Wednesday, October 10, 2012

Vampires 101: Bram Stoker's Dracula (1992)

Bram Stoker's 1897 novel DRACULA is one of the most adapted stories ever written. It's been reinterpreted for numerous movies, television shows, comic books, plays, radio dramas, video games, ballets and pretty much anything else you can imagine.

Only that it really hasn't. The character has made thousands of appearances in other media, but Stoker's novel has rarely been translated with any authority, especially on the big screen. In 1992, Francis Ford Coppola decided to correct that problem with BRAM STOKER'S DRACULA, a film that purported to be the first movie to fully adapt Stoker's original text.

As with earlier Dracula movies, the idea of creating a faithful adaptation fell victim to creative hubris, deviating frequently from Stoker's novel to integrate elements of THE MUMMY and DARK SHADOWS to remold the story as a romance. Anyone familiar with the novel can tell you there's nothing romantic about Dracula, who isn't much more than a rapist in the 1897 story.

Unlike other adaptions, though, BRAM STOKER'S DRACULA succeeds in bringing the story to life without leaving much of the novel on the proverbial cutting room floor. While it takes liberties with the story, these are errors of addition, not subtraction. It's a film that plays it's hearse opera roots to the hilt and incessantly boasts of its significance in every scene. But, I have to admit ... I love every frame of film in that stupid-ass movie.

It's appropriate that much of the film takes place in a madhouse, because it's the end result of a three-way race between Gary Oldman, Anthony Hopkins and Coppola to grab the Brass Ring of Crazy. It's a close race, but Coppola is the clear winner.  BRAM STOKER'S DRACULA is one shrill line reading away from Coppola posting a Monty Python-esque title card reminding us who's directing.

That's not to suggest it wasn't a competitive race, though. As one critic pointed out around the time he began slumming in summer blockbusters like AIR FORCE ONE and LOST IN SPACE, Oldman is the only actor alive capable of over-acting before he even appears on screen. Not content to play one character, Oldman takes the novel's shapeshifting nature of Dracula to play a dozen different on-screen personalities, all of them LOUD. Even when he's not part of the drama, his looming presence is felt in every scene. You can practically feel him standing off-camera in every scene, waiting for his cue.

Despite all of this (or hell, maybe BECAUSE of it) Oldman's interpretation of Dracula works, especially when he strips away the layers of werewolf/batman prosthetics and plays the character as an actual human being. Even though he murders and molests his way throughout the movie, it's hard not to feel pity for him as the vampire hunters kill him in the movie's climax. He's kind of naive, in his own way, like a well-dressed bumpkin.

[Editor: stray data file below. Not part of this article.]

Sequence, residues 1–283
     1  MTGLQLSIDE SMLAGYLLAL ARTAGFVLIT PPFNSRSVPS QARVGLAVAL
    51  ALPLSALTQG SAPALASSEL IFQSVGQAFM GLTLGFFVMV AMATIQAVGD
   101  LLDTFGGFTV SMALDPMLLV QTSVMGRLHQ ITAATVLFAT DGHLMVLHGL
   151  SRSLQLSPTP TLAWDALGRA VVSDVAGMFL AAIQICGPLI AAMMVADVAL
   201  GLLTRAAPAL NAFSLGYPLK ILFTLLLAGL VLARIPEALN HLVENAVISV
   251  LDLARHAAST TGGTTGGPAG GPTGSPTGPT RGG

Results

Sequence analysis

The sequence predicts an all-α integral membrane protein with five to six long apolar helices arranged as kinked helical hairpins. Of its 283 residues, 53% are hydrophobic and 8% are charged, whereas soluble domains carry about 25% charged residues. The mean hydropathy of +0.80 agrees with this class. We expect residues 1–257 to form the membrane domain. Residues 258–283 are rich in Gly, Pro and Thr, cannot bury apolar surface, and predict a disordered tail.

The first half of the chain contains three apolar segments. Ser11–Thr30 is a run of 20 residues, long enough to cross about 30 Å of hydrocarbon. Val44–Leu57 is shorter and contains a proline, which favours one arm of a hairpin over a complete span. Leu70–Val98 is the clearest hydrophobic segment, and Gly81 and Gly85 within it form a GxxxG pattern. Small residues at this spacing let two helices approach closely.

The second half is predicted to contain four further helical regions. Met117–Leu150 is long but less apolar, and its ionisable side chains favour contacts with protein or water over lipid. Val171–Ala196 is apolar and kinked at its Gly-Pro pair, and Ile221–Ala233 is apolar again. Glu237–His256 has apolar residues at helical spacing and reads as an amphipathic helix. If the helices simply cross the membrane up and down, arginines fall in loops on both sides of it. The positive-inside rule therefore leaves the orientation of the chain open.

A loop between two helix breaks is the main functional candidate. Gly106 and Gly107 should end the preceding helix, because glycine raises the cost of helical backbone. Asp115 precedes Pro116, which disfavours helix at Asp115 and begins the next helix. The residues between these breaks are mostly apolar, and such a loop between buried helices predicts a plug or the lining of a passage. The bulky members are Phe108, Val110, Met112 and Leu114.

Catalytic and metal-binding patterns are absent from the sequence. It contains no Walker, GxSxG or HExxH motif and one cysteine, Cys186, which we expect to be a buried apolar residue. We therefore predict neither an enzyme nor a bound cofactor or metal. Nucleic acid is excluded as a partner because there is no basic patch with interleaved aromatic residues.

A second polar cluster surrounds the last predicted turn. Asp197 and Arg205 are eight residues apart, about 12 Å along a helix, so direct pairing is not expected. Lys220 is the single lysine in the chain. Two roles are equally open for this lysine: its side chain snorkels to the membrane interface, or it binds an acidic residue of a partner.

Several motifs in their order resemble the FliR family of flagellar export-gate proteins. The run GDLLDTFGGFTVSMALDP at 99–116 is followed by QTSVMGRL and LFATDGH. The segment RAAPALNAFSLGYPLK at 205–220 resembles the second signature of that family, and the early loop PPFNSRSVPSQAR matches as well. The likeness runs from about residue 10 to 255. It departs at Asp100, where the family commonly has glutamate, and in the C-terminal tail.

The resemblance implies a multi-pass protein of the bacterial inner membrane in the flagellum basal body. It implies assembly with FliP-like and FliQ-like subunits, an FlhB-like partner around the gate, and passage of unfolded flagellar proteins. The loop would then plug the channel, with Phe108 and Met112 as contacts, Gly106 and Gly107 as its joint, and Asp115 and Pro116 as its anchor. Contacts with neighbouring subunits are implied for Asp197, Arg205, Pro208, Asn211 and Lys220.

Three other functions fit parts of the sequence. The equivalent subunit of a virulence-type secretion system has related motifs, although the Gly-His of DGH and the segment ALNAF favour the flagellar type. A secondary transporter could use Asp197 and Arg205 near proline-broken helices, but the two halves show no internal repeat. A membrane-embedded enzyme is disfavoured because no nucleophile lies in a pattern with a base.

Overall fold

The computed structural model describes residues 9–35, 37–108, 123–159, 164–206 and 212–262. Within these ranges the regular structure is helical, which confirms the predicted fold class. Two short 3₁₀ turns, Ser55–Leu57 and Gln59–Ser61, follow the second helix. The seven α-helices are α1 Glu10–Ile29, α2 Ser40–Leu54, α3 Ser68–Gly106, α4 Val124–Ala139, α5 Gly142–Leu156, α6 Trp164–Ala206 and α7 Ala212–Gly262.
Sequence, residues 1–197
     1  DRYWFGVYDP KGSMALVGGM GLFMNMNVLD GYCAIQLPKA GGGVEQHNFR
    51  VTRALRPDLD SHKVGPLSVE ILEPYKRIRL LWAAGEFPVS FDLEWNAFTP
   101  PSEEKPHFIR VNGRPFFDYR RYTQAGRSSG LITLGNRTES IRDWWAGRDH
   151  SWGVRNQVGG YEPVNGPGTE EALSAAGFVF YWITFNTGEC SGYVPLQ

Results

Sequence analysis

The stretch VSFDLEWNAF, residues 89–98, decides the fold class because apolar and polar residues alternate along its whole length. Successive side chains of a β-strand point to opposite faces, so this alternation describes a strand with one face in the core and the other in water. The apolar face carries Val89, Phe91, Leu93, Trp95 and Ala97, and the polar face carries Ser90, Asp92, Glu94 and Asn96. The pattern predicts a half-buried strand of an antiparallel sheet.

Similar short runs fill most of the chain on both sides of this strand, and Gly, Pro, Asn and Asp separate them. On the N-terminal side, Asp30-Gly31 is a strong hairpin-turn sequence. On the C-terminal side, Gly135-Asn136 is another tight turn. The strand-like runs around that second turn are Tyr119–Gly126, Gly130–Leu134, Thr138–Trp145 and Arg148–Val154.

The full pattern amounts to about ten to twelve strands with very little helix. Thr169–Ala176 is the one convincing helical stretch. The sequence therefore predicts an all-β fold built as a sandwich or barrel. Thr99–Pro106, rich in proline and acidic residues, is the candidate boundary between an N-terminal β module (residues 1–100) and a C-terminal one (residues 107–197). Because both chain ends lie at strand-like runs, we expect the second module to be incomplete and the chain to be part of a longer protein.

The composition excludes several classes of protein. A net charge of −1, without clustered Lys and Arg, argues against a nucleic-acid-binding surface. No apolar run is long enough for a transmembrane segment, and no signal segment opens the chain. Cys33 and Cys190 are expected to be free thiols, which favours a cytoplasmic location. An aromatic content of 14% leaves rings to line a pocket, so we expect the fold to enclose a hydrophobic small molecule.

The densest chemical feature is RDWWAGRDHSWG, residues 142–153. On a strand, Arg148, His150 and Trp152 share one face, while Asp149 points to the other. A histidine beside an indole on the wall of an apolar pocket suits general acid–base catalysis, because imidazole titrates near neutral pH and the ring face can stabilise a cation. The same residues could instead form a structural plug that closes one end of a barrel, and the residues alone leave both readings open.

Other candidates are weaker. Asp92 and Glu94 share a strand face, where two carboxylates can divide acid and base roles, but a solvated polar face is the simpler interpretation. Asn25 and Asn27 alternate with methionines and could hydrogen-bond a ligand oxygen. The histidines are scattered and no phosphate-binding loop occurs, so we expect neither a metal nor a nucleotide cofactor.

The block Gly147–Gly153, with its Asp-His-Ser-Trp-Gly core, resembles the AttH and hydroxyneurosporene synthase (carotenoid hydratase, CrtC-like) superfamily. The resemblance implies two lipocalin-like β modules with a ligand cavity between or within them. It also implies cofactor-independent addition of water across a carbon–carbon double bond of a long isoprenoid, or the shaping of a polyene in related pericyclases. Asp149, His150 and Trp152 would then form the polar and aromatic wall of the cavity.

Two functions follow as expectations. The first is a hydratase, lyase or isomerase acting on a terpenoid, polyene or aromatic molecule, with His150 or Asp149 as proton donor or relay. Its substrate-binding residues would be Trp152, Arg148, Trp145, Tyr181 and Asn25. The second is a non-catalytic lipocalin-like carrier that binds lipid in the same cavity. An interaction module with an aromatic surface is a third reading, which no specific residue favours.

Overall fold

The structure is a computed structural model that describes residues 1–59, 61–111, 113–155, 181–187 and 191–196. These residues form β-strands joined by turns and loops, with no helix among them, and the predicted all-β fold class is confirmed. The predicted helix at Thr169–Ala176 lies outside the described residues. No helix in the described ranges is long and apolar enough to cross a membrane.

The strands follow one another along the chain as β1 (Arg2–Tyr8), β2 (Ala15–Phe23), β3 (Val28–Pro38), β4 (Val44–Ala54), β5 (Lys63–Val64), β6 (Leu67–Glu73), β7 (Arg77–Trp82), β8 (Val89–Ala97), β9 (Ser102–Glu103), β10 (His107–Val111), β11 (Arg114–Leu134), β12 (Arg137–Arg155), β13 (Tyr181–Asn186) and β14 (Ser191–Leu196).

Coming in a not-that-distant third in the Dracula Crazy-thon is Hopkins, who plays Van Helsing as a singularly insensitive human being. The more grotesque a situation, the more gleefully evil he acts. He enjoys his own misbehavior more than the movie's tragic villain, which adds a layer of ambiguity to the story that Stoker never intended. He's also pretty hilarious, and its Hopkins' success in this regard than keeps the overall tone of the movie from becoming too oppressive.

The two most controversial elements of BRAM STOKER'S DRACULA remain the decision to use camera tricks and primitive special effects to create a funky, dreamlike atmosphere, and the baffling casting of Keanu Reeves as Jonathan Harker. I like Reeves and think he takes a lot of unnecessary shit for his acting abilities, but he was horrendously miscast as Harker. Even if he wasn't suffering from fatigue (DRACULA was the third or fourth straight movie he shot) I doubt anyone was going to buy him as a straight-laced, Victorian era attorney.

Winona Ryder doesn't fare much better, and the contrast with their co-stars (especially Richard E. Grant, Cary Elwes, Sadie Frost and Tom Waits) is a persistent reminder that these two actors are out of their depth. It doesn't take a Master Thespian to tread water in a movie like this, but neither seemed to grasp the looney nature of the film. While everyone else is hamming it up to one degree or other, Reeves and Ryder are dripping with the earnestness of a community theater production. The only reason these two actors don't knock holes in the hull of the film is that BRAM STOKER'S DRACULA's tone is already so wonky that it's an almost impossible movie to capsize.

As loud as the the cast can be, it's amazing that any of them were able to compete with Wojciech Kilar's score, which was so bombastic that it threatened to rouse Richard Wagner from the dead. Watching Oldman and Hopkins duel egos on screen as Kilar's music builds to almost impossible levels is like listening to Danzig while GWAR is playing in the next room. This is not a classic Universal monster movie, which requires the audience to be constantly engaged to the story. If anything, the opposite is true for BRAM STOKER'S DRACULA, which wants nothing more than to make you its prison bitch. AND. YOU. WILL. SUBMIT.


Zahir Blue said...

This may be the most fun review of this movie I've ever read!

MissSpottyJane said...

Topps published a comic book "prequel" to this movie in 1993. It's written about as well as you would expect, but they hired Esteban Maroto to do the psychedelic art. For whatever reason, the issues ended up in those cheap grab bags of assorted 1990s comics. The art was top notch, it was sad to see it in the same company as tenth-rate Liefeld knockoffs.

QPT said...

Google celebrates 165th birthday of - Bram Stoker. Doodle depicts the story of Dracula.

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